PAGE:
Twitter Tip: The List vs. The Follow

Follows vs. followers: a twitter tip

About a year ago I started a new pop culture/entertainment blog called Old Ain’t Dead. I started a new Twitter account for it as well @OldAintDead.

In the service of my new topic, I wanted to follow the tweets of many people and sources who write about entertainment and the stars making the pop culture news.

I also wanted to get people to follow my new Twitter account. A much harder proposition. It’s a slower process to get followers than it is to find people to follow.

I didn’t want the numbers to be out of proportion when potential new followers looked at my twitter profile. My regular Twitter account, where I tweet about web design topics, is @vdebolt. There I have more followers than people I follow.

twitter profile for @vdebolt

Having more followers than accounts I follow looks okay.

It’s great to have lots of followers in proportion to the number you are following. Makes you look interesting.

But what about the @OldAintDead Twitter account. If I were following 2000 entertainment accounts and only 412 people were following me, it would look as if over 1500 people decided not to follow me back. Someone seeing my profile would think I’m not worth following.

Screen grab of my Twitter Profile

The proportion of following to followers is fairly equal because I put public figures in a list.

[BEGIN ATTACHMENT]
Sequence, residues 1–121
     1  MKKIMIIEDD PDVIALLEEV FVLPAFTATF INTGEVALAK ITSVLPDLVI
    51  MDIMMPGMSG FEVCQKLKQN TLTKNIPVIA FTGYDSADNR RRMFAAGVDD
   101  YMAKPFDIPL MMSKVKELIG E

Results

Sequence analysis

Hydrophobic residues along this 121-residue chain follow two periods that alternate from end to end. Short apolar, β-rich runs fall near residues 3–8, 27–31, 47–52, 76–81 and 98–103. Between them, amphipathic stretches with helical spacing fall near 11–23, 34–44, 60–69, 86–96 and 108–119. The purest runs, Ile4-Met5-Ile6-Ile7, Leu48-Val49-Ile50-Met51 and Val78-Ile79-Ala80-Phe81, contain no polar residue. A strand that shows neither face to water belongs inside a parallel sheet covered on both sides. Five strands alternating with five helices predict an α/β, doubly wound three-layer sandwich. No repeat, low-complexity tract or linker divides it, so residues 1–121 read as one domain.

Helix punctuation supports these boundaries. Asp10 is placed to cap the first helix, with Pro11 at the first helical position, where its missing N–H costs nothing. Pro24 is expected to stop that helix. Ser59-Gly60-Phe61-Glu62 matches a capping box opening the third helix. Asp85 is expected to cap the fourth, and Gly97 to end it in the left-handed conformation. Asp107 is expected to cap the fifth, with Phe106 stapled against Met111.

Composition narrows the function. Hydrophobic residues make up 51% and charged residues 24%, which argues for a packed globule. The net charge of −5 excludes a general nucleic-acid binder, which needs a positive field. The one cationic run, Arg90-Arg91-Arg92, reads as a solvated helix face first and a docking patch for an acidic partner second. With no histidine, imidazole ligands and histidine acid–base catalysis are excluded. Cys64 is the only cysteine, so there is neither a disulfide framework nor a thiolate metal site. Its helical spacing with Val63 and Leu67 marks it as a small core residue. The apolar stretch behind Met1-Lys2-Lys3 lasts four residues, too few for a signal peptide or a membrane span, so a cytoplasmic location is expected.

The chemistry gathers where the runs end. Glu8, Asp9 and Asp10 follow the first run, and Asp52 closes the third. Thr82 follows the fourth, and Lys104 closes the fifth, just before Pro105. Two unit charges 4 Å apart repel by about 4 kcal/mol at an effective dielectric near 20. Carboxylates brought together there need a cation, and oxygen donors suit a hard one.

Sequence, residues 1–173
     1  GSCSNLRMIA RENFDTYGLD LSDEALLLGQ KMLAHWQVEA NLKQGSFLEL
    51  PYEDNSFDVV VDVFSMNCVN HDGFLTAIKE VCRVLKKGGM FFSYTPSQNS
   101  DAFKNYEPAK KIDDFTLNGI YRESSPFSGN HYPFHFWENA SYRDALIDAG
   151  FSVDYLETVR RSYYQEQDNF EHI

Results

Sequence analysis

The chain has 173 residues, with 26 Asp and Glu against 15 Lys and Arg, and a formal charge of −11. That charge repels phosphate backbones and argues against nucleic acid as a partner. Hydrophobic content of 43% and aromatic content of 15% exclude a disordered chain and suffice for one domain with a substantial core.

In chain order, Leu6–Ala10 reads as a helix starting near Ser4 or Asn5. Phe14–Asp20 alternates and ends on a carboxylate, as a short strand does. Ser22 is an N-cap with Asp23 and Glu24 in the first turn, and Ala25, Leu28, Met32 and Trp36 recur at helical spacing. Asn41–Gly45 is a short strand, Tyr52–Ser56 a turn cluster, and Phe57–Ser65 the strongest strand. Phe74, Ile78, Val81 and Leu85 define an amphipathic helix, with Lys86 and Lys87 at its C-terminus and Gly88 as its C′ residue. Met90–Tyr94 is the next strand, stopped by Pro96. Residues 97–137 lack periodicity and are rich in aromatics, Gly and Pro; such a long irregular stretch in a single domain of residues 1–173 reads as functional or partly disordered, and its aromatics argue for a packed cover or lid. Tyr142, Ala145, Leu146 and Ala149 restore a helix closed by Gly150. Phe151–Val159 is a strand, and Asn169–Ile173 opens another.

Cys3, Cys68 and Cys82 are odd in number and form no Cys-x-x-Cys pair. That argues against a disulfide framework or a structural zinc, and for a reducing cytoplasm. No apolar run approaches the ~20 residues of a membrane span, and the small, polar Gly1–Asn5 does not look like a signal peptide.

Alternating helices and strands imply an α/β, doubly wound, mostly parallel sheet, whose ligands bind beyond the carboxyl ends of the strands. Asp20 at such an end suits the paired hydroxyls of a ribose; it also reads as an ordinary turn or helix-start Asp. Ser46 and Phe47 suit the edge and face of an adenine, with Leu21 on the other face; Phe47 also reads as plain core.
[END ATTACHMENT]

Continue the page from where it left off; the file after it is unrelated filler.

My numbers are about equal now. That’s okay with me. So how did I manage to keep track of people I want to follow without actually following them?

I used a list. I took all those people and organizations I wanted to read like @Variety and @ShondaRhimes – people who would never follow me back – and I put them in a list. I called the list #mediawelike. I put actors, shows, media sites, networks, and those kinds of accounts in the list.

For my @OldAintDead Twitter feed, I follow real people who follow back, people who sometimes read my blog and people who are willing to engage in a conversation about something on Twitter.

I use Tweetdeck for watching Twitter in a browser. On my phone, I use Hootsuite. (Hootsuite doesn’t have an option for viewing lists.) Here’s what I see in my Old Ain’t Dead Twitter feed in Tweetdeck.

A screen grab from Tweetdeck

The Old Ain’t Dead Twitter feed

You see my Home feed, which is where I see the accounts I follow. I also keep open a notifications column. You also see the column for tweets coming in to the #mediawelike list. By using the list, I can keep the number of people I follow in a reasonable ratio compared to the number who follow me.

Creating a list is simple. In a browser, go to the Lists tab on your profile page. The create a new list option can be found there.

The new list button

The new list button

Makin’ a list and checkin’ it twice. Gonna find out who’s naughty and nice. No, wait. Wrong song.

Just go make a list.

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